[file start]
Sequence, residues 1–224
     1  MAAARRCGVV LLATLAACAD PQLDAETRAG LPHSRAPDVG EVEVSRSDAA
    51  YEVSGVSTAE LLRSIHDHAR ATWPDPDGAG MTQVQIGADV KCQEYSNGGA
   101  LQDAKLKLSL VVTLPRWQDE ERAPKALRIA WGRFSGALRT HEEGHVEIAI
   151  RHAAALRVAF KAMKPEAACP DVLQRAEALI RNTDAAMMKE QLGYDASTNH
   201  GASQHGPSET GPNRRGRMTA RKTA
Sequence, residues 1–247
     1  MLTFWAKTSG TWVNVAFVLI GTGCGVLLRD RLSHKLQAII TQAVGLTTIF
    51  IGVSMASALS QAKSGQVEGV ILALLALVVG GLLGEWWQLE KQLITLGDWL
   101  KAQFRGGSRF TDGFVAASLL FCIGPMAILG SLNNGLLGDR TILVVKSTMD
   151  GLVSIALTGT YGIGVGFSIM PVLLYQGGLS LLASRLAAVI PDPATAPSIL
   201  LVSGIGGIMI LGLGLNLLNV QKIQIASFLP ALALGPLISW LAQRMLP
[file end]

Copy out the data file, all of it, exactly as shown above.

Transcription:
Sequence, residues 1–224
     1  MAAARRCGVV LLATLAACAD PQLDAETRAG LPHSRAPDVG EVEVSRSDAA
    51  YEVSGVSTAE LLRSIHDHAR ATWPDPDGAG MTQVQIGADV KCQEYSNGGA
   101  LQDAKLKLSL VVTLPRWQDE ERAPKALRIA WGRFSGALRT HEEGHVEIAI
   151  RHAAALRVAF KAMKPEAACP DVLQRAEALI RNTDAAMMKE QLGYDASTNH
   201  GASQHGPSET GPNRRGRMTA RKTA
Sequence, residues 1–247
     1  MLTFWAKTSG TWVNVAFVLI GTGCGVLLRD RLSHKLQAII TQAVGLTTIF
    51  IGVSMASALS QAKSGQVEGV ILALLALVVG GLLGEWWQLE KQLITLGDWL
   101  KAQFRGGSRF TDGFVAASLL FCIGPMAILG SLNNGLLGDR TILVVKSTMD
   151  GLVSIALTGT YGIGVGFSIM PVLLYQGGLS LLASRLAAVI PDPATAPSIL
   201  LVSGIGGIMI LGLGLNLLNV QKIQIASFLP ALALGPLISW LAQRMLP